He’d long been known as a fighter who survived against all odds after several plane crashes as a naval aviator, with the final one resulting in John McCain being held as a prisoner of war for five-and-a-half years in North Vietnam.
And yet, in the end, it would be a deadly cancer that took McCain’s life just 13 months after the shocking announcement on July 19, 2017 that he was diagnosed with an aggressive brain cancer called glioblastoma. Doctors had found the tumor during surgery to remove a blood clot above his left eye on July 14 of last year.
As the intervening months unspooled, McCain proved himself every bit the stubborn fighter who stared down torture by the Vietnamese and stood up to tyranny by Donald Trump.
As McCain was recovering from the surgery in Arizona and considering treatment options, McCain’s daughter Meghan got into a screaming match with her dad over his plans to fly to Washington to vote on the Republicans’ attempt to repeal Obamacare.
“I said, ‘What could possibly happen if he gets on a plane?’ and the doctor said he would like hemorrhage and it can be dangerous if he still has air in his brain, and all this crazy stuff,” The View co-host said in the HBO documentary John McCain: For Whom the Bell Tolls.
“So I freaked out and I screamed at everyone that he couldn’t get on the plane and that I didn’t agree with it,” she said. “And my dad snapped at me and said, ‘It’s my life and it’s my choice.”’
McCain, a Republican, made the trip and took to the floor of the senate on Friday, July 28. His deciding no vote on Republicans’ efforts to repeal the Affordable Care Act, also known as Obamacare, saved millions from losing healthcare coverage.
“I will not vote for this bill as it is today,” McCain forcefully told his senate colleagues, many of whom reacted with stunned silence and a few audible gasps.
In the months following, as he underwent chemotherapy and radiation treatments, McCain continued working on Capitol Hill and returning home to Arizona, surrounded by family and close friends. This included visits at his home outside of Sedona from senate pals Joe Lieberman and Lindsey Graham. (The trio are so close they are also known as ‘the three amigos.’)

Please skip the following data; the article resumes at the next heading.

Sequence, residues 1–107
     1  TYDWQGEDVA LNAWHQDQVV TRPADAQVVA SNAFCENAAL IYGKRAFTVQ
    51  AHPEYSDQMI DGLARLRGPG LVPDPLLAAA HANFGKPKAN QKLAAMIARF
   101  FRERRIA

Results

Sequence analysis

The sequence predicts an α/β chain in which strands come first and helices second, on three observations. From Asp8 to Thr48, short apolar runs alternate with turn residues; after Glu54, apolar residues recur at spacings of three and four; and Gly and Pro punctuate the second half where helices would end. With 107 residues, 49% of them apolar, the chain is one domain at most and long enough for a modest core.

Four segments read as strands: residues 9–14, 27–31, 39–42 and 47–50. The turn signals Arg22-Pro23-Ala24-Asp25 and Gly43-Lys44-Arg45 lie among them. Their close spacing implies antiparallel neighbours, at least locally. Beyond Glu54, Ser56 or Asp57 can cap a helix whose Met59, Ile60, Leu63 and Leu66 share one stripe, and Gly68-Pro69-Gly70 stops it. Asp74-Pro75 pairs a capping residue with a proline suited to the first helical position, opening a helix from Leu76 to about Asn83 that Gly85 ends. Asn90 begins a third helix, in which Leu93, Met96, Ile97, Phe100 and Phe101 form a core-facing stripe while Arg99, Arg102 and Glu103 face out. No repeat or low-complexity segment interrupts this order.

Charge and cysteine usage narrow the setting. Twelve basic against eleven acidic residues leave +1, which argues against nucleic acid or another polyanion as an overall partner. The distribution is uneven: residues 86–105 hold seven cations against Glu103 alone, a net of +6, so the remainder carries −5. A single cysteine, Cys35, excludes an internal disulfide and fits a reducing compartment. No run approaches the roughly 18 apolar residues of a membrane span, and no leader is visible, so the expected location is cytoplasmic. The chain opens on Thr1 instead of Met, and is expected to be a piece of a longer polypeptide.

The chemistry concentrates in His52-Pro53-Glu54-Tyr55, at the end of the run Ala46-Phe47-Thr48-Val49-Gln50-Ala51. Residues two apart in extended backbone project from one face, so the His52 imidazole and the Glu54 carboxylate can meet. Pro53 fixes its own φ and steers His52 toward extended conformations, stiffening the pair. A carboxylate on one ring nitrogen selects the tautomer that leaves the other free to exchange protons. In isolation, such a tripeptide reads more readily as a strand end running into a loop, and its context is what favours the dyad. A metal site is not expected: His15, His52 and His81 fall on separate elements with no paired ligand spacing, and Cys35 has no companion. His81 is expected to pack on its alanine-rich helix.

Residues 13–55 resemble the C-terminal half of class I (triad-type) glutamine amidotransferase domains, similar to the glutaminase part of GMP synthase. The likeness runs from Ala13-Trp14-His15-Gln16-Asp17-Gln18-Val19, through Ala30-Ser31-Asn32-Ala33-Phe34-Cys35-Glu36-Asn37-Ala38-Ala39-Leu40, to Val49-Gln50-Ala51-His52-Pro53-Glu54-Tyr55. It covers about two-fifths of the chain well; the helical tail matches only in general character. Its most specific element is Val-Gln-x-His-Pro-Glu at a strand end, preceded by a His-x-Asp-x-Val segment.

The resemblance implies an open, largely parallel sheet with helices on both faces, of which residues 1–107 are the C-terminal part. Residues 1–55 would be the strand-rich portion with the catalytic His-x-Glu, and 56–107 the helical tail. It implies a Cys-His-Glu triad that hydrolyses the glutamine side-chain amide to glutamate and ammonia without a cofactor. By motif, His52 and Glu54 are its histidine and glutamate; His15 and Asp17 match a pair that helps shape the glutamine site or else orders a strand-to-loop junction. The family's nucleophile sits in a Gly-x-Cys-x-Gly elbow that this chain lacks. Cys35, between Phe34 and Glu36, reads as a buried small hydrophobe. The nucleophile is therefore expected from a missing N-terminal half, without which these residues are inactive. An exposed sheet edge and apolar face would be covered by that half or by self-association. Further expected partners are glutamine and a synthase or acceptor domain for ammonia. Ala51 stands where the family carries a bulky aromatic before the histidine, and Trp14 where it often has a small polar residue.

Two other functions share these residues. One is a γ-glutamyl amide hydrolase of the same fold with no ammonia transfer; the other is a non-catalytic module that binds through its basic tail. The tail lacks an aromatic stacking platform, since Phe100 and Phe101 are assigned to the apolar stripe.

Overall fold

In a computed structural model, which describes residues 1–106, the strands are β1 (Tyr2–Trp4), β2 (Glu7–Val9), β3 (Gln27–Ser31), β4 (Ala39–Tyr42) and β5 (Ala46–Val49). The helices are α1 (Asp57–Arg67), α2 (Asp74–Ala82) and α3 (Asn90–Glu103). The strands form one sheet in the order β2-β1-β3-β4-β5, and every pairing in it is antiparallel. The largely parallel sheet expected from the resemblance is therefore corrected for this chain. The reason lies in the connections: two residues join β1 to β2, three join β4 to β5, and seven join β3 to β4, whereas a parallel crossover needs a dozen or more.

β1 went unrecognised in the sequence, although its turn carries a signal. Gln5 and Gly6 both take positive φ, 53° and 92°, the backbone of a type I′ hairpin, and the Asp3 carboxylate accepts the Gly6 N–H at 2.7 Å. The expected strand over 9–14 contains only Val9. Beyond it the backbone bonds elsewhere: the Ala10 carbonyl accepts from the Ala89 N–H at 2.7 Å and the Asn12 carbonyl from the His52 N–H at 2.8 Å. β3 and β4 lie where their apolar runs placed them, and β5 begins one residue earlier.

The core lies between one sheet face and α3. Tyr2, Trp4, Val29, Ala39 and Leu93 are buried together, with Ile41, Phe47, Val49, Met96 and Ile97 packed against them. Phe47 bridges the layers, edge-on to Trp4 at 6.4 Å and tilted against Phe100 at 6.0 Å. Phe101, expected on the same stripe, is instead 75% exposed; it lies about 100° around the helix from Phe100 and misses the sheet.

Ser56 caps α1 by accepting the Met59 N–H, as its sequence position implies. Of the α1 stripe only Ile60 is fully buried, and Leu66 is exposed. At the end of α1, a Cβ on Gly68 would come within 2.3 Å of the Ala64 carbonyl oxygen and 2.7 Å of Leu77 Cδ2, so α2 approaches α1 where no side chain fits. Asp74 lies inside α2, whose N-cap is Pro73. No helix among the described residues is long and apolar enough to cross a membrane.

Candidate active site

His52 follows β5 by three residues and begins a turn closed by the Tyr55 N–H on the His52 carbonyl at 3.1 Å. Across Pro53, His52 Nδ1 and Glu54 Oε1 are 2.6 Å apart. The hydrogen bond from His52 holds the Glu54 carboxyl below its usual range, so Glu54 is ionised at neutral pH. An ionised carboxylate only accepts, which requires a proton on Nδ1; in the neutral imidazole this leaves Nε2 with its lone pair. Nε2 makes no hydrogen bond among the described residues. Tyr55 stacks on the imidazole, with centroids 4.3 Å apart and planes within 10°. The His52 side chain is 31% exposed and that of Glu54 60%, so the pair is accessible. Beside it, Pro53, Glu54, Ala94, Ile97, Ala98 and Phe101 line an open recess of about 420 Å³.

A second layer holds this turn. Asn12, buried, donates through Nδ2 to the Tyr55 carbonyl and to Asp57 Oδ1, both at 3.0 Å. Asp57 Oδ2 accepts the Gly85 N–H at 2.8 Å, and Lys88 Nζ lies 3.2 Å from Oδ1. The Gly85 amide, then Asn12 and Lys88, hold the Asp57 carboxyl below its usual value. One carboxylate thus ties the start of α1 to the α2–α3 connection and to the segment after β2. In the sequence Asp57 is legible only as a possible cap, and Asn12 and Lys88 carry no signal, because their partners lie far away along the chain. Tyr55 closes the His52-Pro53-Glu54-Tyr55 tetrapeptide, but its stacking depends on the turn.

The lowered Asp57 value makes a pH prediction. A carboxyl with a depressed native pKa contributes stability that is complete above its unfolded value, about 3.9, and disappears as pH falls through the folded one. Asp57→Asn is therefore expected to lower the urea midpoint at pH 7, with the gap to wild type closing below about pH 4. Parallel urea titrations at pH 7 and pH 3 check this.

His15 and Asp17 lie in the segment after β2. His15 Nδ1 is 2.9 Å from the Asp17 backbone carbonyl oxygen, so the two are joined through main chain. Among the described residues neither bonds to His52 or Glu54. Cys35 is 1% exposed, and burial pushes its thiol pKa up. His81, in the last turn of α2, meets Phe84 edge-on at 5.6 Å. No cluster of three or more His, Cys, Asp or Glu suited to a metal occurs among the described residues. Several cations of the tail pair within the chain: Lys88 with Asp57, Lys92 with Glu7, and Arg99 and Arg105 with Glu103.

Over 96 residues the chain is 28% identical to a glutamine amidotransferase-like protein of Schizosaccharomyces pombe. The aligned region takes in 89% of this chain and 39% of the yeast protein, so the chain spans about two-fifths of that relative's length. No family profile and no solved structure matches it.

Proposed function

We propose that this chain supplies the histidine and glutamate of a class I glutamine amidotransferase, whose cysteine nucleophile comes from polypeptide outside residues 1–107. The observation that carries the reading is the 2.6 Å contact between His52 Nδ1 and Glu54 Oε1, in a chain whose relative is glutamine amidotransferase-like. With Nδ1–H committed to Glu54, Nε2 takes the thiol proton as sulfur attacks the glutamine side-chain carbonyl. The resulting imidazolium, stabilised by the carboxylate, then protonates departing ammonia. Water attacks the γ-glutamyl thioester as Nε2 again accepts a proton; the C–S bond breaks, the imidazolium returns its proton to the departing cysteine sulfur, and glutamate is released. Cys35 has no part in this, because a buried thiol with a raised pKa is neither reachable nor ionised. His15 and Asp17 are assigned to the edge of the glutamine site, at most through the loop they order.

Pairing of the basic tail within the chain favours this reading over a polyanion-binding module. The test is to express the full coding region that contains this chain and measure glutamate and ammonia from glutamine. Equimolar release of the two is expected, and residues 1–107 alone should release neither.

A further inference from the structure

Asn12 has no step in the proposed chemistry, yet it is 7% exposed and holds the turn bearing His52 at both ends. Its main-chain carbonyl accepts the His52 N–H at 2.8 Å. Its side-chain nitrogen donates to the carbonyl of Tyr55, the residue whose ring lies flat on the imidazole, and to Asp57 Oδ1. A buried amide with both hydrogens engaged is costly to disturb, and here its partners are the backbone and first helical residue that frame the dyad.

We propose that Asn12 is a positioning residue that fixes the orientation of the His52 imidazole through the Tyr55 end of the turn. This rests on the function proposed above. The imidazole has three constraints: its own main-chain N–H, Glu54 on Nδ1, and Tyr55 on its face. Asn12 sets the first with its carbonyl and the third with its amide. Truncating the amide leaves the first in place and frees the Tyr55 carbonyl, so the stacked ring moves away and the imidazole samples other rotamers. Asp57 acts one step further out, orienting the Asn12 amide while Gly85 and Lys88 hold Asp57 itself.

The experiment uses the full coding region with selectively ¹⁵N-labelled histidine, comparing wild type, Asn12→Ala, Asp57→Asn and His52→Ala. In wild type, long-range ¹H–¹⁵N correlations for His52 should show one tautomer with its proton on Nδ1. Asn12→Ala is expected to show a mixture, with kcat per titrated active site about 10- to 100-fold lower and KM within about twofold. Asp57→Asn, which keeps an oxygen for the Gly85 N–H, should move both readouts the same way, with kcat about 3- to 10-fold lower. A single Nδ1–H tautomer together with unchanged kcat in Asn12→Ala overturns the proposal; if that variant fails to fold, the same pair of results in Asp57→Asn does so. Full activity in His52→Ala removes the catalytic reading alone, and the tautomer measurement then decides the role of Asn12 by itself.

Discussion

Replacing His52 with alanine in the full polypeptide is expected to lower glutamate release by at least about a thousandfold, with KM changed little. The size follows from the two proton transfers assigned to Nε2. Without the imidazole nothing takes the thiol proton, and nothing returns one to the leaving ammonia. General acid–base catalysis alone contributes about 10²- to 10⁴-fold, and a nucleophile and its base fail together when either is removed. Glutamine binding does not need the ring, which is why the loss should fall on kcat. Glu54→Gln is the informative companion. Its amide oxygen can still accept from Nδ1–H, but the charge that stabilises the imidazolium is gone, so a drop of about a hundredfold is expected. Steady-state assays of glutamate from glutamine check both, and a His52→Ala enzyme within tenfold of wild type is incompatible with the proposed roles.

“He was just talking about the fullness of his life,” Graham told PEOPLE last September. “How many things he was able to do and things hopefully, he can do.”
McCain faced the cancer with the fortitude that got him through his POW torture decades ago.
“He’s by no means giving in, I mean he’s fighting it,” Lieberman told PEOPLE in October. “But I will say that this confrontation with his mortality is the most direct that he has had since was a prisoner of war.”
“It’s also brought out a philosophical side,” Lieberman continued. “He looks back and is very grateful for the life that he’s lived.”
“He was born to serve our country and he’s served it with great honor and he’s gotten enormous satisfaction out of that. I think he feels as he looks back he’s worked very hard to make a difference for the better for our country, he is a real patriot.”
During Lieberman’s visit, most of McCain’s seven children were there, a devoted brood who spent time recalling childhood memories.
“A lot of closeness,” says Lieberman. “They are very supportive. It all means a lot to him.”
McCain loved nature and regaled his friends with how many birds he’d see fluttering around the homestead as he sat on his patio. “There was a succession of hummingbirds coming to the bird feeders,” Lieberman said, “and he got excited every time he saw one.”
McCain appeared on The View in October to celebrate Meghan’s 33rd birthday, a few weeks after she started on the show as a cohost. The Senator said he was feeling “fine” and “getting plenty of rest, plenty of food, plenty of exercise.”
“I don’t mean to get a little sentimental, but it does make you appreciate every minute of every hour of every day,” he said. “We should all thank God for every minute because we are blessed. And we’re blessed to be in the greatest nation on Earth.”
At the time she told PEOPLE: “My dad is doing really well right now, but it’s a deeply unpredictable cancer. You’re really just living scan to scan. I wanted to make sure that he was — that we were all — there. Why wait?”
By December, McCain would remain in Arizona as he continued to battle the brain cancer and go to physical therapy to work on regaining his strength. In April, he was hospitalized following emergency intestinal surgery related to his diverticulitis.
Still, in his final months, McCain continued to make news. In his bestselling book “The Restless Wave,” published in May, McCain expressed regret that he had not chosen Lieberman, a Democrat turned independent, as his running mate during the 2008 presidential campaign, instead of Sarah Palin.
McCain publicly rebuked Donald Trump on a number of issues, both domestic and international. In May, after McCain opposed Trump’s nominee for CIA director, Trump aide Kelly Sadler said of McCain: “It doesn’t matter, he’s dying anyway.” The leaked Sadler criticism created a firestorm, and outpouring of support for McCain.
In July, in what would be his final jab at the president, McCain excoriated Trump following a press conference in Helsinki with Trump and Russian president Vladimir Putin. At the time, Trump accepted Putin’s denials that Russia had launched cyberattacks to interfere with the 2016 presidential election rather than believing U.S. intelligence agencies’ unanimous conclusion that it had.
In a statement, McCain called it “one of the most disgraceful performances by an American president in memory.”
“No prior president,” said McCain, who was chairman of the Armed Services Committee, “has ever abased himself more abjectly before a tyrant.”